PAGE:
Two is one, and one is none.

Sage advice whether you’re talking about personal-defense handguns, spare magazines, or knives.

I normally carry three knives as part of my everyday carry (EDC): two folders and the third is the blade on my SOG Powerlock multi-tool, which I use for mundane chores such as cutting paracord and opening boxes.

The two folders—one carried on my right side and one on my left—are kept razor sharp and carried in case I have to resort to them for self-defense. I do not use them for any other purpose.

One of the folders I carry is whatever happens to be handy. But for several years, the second that has accompanied me daily has been a Spyderco Schempp Bowie, designed by renowned custom knifemaker Ed Schempp.

Spyderco Advocate shown open and closed from both sides. Photo: Spyderco

I like the classic Bowie clip point and appreciate its traditional style combined with state-of-the-art manufacturing and materials. It has brass bolsters on one end and its scales (handles) are made from carbon fiber/ G10 laminate. Spyderco’s Trademark Round Hole™ affords fast and positive one-handed opening with either hand.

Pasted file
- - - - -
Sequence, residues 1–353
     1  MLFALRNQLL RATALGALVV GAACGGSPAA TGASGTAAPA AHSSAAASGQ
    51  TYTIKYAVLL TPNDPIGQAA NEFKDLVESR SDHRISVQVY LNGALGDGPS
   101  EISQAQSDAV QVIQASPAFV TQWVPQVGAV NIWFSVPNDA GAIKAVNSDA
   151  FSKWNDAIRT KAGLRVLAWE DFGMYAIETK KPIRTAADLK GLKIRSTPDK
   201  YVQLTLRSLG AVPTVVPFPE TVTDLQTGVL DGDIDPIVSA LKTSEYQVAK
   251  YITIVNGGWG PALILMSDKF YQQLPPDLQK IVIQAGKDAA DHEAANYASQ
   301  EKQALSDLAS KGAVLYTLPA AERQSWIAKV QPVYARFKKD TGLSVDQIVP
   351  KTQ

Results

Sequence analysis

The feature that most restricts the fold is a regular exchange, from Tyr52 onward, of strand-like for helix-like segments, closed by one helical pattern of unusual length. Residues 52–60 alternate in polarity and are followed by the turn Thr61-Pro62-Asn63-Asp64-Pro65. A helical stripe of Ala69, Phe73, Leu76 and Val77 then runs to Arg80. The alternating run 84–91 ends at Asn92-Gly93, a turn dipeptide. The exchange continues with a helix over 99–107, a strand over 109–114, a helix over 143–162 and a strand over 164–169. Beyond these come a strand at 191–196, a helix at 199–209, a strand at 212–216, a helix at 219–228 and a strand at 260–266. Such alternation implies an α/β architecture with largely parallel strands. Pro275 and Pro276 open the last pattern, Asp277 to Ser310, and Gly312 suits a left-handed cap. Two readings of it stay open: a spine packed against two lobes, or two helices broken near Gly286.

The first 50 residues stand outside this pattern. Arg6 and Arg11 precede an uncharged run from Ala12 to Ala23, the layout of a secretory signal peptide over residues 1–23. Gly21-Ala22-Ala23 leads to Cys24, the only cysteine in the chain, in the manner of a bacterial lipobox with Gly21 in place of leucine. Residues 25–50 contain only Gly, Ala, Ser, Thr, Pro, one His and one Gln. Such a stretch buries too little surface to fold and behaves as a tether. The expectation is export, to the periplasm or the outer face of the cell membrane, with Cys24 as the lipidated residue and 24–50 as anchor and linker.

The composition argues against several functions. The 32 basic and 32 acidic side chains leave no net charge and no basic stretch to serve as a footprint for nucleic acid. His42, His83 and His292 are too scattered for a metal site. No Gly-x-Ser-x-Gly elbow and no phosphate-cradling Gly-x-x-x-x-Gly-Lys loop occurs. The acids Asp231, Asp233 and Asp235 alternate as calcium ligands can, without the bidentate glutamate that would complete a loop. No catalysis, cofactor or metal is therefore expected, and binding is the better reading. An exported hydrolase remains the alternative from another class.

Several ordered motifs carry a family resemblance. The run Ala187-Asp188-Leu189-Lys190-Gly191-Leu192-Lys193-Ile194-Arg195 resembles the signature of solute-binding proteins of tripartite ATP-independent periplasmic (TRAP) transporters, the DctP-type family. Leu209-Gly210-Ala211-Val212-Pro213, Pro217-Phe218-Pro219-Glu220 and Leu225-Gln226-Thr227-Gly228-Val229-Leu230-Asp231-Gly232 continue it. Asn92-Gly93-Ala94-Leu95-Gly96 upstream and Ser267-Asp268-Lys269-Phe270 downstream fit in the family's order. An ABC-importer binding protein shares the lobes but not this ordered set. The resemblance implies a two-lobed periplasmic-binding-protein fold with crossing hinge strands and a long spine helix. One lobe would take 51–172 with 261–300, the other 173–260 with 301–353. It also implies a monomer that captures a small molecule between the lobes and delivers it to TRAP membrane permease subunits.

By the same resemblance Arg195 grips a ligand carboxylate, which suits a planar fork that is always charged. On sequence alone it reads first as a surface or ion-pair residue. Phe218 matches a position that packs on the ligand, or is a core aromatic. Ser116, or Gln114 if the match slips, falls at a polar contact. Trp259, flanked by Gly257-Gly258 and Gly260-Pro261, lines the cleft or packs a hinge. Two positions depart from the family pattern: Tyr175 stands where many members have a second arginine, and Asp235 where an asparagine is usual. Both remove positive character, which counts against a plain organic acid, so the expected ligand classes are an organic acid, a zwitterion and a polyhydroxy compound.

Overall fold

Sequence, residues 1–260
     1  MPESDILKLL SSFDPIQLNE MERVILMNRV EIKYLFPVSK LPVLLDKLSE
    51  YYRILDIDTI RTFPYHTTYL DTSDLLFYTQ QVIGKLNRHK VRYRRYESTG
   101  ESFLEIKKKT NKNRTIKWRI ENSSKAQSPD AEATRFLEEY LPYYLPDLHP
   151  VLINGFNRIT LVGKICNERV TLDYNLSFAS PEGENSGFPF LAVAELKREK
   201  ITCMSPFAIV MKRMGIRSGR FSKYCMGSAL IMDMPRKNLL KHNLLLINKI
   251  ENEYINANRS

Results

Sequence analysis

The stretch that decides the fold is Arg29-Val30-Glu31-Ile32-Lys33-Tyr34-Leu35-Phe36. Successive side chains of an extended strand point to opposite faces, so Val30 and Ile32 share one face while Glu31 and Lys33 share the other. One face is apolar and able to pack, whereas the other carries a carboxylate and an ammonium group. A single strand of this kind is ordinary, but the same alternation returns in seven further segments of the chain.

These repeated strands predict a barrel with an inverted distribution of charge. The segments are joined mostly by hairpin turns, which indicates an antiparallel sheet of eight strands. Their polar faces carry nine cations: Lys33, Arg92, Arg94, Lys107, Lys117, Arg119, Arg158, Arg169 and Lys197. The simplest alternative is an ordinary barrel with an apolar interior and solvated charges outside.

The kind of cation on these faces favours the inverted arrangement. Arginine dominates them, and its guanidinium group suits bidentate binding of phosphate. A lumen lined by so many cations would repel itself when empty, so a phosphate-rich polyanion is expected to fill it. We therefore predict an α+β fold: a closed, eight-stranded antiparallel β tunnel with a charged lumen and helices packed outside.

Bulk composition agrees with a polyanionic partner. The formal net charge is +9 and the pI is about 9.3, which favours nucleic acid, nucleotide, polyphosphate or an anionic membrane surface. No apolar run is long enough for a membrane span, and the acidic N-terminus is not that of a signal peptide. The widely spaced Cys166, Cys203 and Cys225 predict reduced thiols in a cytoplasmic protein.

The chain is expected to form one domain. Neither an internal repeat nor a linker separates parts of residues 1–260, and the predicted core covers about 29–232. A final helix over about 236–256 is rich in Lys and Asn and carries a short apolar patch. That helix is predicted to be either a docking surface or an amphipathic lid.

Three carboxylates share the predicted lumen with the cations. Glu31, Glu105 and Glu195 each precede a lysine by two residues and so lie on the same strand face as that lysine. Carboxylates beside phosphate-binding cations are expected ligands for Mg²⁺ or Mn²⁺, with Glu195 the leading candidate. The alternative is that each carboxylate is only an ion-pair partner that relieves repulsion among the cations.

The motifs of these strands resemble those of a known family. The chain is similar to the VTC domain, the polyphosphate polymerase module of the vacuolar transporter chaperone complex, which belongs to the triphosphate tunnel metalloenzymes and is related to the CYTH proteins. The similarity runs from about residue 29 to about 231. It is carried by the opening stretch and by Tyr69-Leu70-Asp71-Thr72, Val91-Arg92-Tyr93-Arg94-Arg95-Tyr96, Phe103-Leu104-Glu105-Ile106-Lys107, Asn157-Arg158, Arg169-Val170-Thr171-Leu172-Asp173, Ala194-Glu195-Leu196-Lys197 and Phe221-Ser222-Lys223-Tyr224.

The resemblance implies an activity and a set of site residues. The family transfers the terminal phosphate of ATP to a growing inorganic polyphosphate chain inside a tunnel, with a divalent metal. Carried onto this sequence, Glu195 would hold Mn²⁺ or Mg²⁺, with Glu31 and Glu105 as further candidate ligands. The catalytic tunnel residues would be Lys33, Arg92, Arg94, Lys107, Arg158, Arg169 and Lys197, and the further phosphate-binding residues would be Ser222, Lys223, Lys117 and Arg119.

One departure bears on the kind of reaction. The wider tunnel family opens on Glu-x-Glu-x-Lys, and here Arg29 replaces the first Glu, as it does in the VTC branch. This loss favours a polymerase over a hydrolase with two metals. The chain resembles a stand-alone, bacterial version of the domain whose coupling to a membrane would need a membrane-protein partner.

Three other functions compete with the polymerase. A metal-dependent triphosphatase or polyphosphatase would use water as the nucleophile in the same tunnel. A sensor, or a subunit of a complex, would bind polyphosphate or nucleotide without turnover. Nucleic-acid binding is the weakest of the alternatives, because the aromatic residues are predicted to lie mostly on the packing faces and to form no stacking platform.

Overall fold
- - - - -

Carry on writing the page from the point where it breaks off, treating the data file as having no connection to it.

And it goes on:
At the 2017 SHOT Show, Spyderco’s Joyce Laituri—one of my favorite people in the industry—presented me with a new Spyderco knife: a C214TIP Advocate™. It’s a production version of custom knifemaker Gayle Bradley’s first flipper-style folder design.

The Advocate’s full-flat ground, 3.49-inch blade is made from CPM M4—a tool steel famous for its edgeholding capability. The blade includes the usual hole and a prominent flipper that is easily manipulated with the index finger. The top rear of the blade has jimping.

To ensure a high-speed, low-drag action, the blade also pivots between friction-reducing ball-bearing washers.

It’s fast. When a classmate at a recent firearms course asked me what kind of blade was in the knife I was carrying, I demonstrated the flipper, whereupon he asked me if automatic knives are legal in Arizona. (Actually, they are.)

Spyderco Advocate features secure R.I.L. frame lock.

The handles are made of two 3-D machined scales of solid titanium and have what Spyderco refers to as an orange-peel texture. They are aesthetically pleasing and provide a good grip. A reversible clip offers handy left- or right-side tip-up carry. The handle opposite the clip side is slightly dished out to make opening the knife with the hole easier.

The Advocate features a Reeve Integral Lock (R.I.L.) mechanism with stainless steel interface, which ensures a secure lock-up and long service life, and serves double duty as an overtravel stop to maintain proper spring tension of the lock bar.

The handle has an open-backed construction. This minimizes weight and, for those who like to take their knives apart to clean them, this construction makes it simple. Personally, I just swish a knife in hot water with a dash of Dawn dish soap and blow out the interior with compressed air.

In addition to the Schempp Bowie, my second EDC knife is no longer whatever strikes my fancy. It is the Spyderco Advocate. I trust it that much.

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